Tracks (2004, USA)
Based on a true story, this follows Peter Madagin, an angry teenager who gets 5 years in an adult prison after a railway engineer dies in the train that he and his mates derail while mucking around, acting tough. It’s hard work empathising with him – so hard, in fact, that the film doesn’t work. Well, that’s just one of the reasons the film doesn’t work.
When Madagin (Chris Gunn) arrives in prison one should feel worried for him – a kid from the suburbs, new to prison. But he’s unlikeable. He looks too old to be a teenager. He feels he’s been hard done by, shows no remorse, and doesn’t think he deserves to be in jail. He drives people away, partly because every time someone says something he doesn’t like, he shouts and abuses them, no matter who they are or where they are. No doubt the writers thought that his outbursts reflect the immaturity, the impetuosity of youth. But self-centredness and arrogance from someone with nothing to be arrogant about are not a good look, irrespective of age.
Yes, he has to ward off an unwelcome approach from another prisoner, and a guard sexually abuses him, brutally. This awakens disturbing memories of his father, who also used to abuse him. Should we then excuse all the unpleasant traits of his character? One of the guards, Brian Clark (played by Ice-T), senses his troubled past and is always there to help him despite Madagin treating him as a moron. None of this feels real; not the savage abuse by the guard, the manner in which Madagin deals with it, the way in which his contemptuous manner is tolerated by Officer Clark, or Clark seeking Madagin’s help with his algebra studies and sharing his cookies with him.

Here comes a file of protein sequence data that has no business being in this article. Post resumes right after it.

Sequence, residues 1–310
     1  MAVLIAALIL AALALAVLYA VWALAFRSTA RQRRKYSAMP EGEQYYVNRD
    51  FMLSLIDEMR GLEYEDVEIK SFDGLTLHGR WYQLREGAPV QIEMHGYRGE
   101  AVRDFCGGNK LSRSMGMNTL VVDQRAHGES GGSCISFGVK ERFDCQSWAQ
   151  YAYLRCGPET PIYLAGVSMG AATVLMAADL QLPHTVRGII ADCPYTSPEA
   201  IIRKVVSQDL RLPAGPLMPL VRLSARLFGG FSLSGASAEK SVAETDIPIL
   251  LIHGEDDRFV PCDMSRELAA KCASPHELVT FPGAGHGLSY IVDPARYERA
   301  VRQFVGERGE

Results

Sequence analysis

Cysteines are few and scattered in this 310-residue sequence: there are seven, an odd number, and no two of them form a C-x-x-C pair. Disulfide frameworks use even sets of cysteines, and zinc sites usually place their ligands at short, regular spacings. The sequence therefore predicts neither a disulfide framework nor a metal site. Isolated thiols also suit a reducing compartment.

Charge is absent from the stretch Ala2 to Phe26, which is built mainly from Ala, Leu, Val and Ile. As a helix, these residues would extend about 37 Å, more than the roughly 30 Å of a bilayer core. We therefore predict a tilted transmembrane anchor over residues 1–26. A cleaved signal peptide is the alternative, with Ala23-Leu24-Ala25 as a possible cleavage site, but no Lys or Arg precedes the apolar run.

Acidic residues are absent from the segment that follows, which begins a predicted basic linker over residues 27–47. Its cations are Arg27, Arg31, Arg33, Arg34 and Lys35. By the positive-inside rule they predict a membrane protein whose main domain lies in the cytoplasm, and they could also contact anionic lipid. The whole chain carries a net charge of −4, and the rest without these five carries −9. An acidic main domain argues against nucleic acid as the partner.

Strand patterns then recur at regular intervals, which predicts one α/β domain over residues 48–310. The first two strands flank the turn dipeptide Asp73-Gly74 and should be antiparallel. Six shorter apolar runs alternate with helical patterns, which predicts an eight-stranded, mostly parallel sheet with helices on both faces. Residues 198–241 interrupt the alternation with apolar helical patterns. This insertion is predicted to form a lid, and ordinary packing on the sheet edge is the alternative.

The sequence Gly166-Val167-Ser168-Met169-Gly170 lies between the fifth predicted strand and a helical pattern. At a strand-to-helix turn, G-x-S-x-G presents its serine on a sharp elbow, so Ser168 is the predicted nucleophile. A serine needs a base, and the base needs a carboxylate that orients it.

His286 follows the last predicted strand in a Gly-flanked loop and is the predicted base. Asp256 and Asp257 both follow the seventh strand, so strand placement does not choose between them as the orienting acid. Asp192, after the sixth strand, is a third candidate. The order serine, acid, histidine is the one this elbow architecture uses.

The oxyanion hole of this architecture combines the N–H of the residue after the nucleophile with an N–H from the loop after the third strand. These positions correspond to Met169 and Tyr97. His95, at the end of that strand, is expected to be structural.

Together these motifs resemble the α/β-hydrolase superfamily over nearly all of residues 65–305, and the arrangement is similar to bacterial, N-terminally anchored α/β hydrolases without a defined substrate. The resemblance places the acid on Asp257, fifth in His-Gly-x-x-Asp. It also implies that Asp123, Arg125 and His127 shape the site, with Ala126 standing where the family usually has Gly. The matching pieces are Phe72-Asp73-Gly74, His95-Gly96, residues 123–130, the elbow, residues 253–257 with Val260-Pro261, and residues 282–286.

Anyway, Madagin gets a chance at a halfway house and soon blows it, still having no understanding of the concept of self-responsibility. He goes back to jail, gets into some nasty scrapes and moral dilemmas, and gets out having miraculously worked through some of the pressing issues that he had to deal with. Bravo!
It’s ultimately very unsatisfying; poorly scripted and cheap and nasty (despite the assistance of Sing Sing). In the end, you are glad that he’s buried some demons, but might wonder how much he’s really learned.
Posted on December 26th, 2009 at 9:46 pm. Updated on December 26th, 2009 at 9:46 pm.
#380 in the Top 500